by Steve Adubato, PhD
Last weekend, NY Jets football coach Rex Ryan made a very controversial decision to put quarterback Mark Sanchez into a pre-season game in the 4th quarter playing behind an offensive line of second team players (at best) that wasn’t able to protect Sanchez, who got crushed by 312 pound NY Giants defensive lineman Marvin Austin. Sanchez laid on the ground, his right shoulder injured. Not surprisingly, after the game, Rex Ryan faced an onslaught of challenging questions from reporters who wanted to know why he would make such a move in a pre-season game that counted for absolutely nothing.
Clearly, it was a legitimate question, since Sanchez’s right shoulder is the one he uses to throw. But when asked about his decision to put in Sanchez, Ryan’s communication became highly defensive; “We’re here to win. We’re trying to compete. Injuries are part of the game… I would not have put Mark in there if it wasn't important.” Ryan’s response that it was “important” to put Sanchez in the game only produced more questions since, again, pre-season games don’t count in the regular season standings.
Ryan became visibly angry in response to a follow-up question on who would now be the Jets’ starting quarterback given Sanchez’s confusing injury status. “I don't have to answer a question…We will make the decision on a starting quarterback when we think it's the appropriate time. Not when you, not when this person or this person or this person [decides it’s time].” (Ryan was pointing at various reporters.) Then, things got more heated when Ryan responded to a reporter who asked; “How can you say…” Ryan interrupted saying; “I can say anything I want. That’s the beauty of the country.” Then , the Jets coach did something that no coach, CEO or any professional should do—he turned his back to reporters and said; “I’ll stand backwards and answer the question. I’ll do it sideways.”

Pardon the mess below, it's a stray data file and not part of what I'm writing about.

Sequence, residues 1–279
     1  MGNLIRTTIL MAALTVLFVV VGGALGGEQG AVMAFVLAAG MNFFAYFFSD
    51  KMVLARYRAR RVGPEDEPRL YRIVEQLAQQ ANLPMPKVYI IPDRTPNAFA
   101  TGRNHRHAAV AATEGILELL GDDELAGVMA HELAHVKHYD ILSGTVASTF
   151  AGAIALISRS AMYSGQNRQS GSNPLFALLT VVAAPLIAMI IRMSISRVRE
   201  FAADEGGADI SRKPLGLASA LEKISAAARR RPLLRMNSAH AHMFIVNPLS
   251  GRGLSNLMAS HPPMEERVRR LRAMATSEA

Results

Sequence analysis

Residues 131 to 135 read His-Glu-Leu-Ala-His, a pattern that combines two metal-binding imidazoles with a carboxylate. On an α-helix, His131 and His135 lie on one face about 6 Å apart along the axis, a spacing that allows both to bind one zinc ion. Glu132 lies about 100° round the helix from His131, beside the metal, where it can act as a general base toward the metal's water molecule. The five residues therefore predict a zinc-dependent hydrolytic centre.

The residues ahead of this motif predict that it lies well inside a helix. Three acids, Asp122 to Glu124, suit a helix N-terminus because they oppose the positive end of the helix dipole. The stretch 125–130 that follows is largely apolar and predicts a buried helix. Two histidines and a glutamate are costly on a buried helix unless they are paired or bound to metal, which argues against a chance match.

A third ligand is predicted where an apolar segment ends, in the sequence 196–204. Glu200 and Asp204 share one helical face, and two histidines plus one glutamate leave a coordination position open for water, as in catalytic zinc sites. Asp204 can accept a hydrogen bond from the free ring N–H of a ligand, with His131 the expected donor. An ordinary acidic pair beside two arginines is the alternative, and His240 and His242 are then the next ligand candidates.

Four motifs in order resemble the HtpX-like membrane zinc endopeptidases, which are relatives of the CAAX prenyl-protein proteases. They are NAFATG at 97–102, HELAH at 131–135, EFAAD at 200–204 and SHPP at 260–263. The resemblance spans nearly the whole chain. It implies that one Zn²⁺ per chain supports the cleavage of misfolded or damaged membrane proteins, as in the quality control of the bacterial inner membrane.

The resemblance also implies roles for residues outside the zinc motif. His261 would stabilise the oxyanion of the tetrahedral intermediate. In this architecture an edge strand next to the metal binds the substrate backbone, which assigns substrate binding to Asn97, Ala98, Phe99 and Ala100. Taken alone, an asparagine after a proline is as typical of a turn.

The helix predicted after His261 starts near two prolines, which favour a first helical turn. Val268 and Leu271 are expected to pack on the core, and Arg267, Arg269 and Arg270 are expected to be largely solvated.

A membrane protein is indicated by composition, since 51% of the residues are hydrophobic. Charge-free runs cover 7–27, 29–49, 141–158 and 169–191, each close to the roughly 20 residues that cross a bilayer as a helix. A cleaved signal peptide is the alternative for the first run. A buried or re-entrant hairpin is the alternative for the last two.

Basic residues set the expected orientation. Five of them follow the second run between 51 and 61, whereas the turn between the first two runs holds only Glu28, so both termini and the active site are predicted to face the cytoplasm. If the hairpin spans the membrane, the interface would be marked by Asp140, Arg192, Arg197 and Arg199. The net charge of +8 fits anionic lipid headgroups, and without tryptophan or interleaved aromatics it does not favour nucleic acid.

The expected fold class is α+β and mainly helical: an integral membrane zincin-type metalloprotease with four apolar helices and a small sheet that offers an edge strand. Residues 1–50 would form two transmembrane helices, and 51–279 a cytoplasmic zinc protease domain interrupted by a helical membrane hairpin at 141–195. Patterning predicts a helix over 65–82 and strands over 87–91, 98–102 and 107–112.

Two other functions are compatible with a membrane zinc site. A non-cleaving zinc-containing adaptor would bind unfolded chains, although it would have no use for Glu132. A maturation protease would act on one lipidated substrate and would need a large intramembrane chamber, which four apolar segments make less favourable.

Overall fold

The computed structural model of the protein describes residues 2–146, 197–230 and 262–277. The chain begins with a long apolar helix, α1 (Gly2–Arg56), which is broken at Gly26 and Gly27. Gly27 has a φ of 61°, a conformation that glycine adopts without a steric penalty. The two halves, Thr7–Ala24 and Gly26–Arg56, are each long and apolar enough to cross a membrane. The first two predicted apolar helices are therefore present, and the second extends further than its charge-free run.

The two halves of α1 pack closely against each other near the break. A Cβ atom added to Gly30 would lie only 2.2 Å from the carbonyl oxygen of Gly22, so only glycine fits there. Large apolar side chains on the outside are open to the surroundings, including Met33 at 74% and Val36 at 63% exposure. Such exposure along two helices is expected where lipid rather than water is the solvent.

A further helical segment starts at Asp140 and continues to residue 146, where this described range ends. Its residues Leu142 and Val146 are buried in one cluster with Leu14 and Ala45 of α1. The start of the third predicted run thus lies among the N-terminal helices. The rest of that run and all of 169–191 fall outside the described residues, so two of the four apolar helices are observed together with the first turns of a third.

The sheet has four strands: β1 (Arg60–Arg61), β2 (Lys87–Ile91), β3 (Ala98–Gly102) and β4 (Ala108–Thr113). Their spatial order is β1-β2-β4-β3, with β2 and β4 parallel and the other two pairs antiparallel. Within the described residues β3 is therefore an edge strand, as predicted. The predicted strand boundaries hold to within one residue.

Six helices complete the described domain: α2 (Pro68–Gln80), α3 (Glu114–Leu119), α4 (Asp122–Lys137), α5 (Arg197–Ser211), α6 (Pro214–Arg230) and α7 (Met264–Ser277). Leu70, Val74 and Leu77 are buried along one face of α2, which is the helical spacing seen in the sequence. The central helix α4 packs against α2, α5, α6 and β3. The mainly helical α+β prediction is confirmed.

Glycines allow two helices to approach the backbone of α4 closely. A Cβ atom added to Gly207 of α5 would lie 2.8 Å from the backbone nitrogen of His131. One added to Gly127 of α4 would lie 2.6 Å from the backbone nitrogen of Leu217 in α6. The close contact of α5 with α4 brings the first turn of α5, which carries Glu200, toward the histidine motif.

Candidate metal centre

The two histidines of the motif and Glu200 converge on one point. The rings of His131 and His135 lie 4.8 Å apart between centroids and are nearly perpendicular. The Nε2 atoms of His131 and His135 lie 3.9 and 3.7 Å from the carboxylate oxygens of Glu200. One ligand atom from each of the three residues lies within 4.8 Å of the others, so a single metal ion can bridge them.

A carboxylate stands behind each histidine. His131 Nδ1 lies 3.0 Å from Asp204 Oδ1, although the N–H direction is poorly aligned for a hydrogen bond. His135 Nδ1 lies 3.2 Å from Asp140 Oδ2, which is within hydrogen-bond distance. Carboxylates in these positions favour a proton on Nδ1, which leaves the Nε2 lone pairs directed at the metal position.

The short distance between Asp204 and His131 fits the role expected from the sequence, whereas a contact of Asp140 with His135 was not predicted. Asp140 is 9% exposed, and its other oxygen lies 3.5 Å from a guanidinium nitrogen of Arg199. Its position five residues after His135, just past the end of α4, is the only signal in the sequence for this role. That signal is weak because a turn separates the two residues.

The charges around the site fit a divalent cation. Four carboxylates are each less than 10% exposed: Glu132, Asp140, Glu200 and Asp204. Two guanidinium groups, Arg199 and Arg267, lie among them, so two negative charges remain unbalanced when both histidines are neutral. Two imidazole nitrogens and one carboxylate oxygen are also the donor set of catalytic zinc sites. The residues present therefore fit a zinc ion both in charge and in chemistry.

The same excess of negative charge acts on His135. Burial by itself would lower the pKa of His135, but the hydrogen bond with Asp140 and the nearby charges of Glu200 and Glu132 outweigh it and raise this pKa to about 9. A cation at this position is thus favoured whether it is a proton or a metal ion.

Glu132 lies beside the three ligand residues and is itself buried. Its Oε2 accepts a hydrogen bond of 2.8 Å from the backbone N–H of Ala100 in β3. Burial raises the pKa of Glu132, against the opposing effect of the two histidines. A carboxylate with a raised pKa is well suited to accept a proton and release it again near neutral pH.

So there you have it—a particularly unimpressive communication performance, which has nothing to do with football and everything to do with a leader under pressure who became defensive. Consider the following tips and tools in the effort to avoid engaging in defensive communication when the heat is on:
--No matter how perturbed you are at a question, never personally attack the questioner. Don’t question his credentials, his legitimacy, or his right to ask the question, as it makes you look weak as a leader. You can question his facts if you think they are wrong, but he DOES have a right to ask the question.
--Never turn your back to your audience, even if you are trying to be funny. Leave the humor to the professional comedians. Make direct eye contact with your questioner without attempting to stare him down or intimidate him. Your body language speaks volumes when you are responding to tough questions.
--When you say, “I don’t have to answer a question”, as Rex Ryan did, that may be true legally, but from a practical point of view, as a leader, you DO in fact have to answer what most reasonable people consider to be a reasonable question about a decision you’ve made. Remember, no one forced you to be in a leadership position. You chose to take on this responsibility, which includes answering challenging questions.
--Finally, your answers must be credible to the average person and in Rex Ryan’s case, it was simply not credible to say a pre-season game was important to win. Your answers must come across as reasonable as opposed to something you’ve conjured up to try to take the heat off, which in the case of Rex Ryan only turned up the heat even more.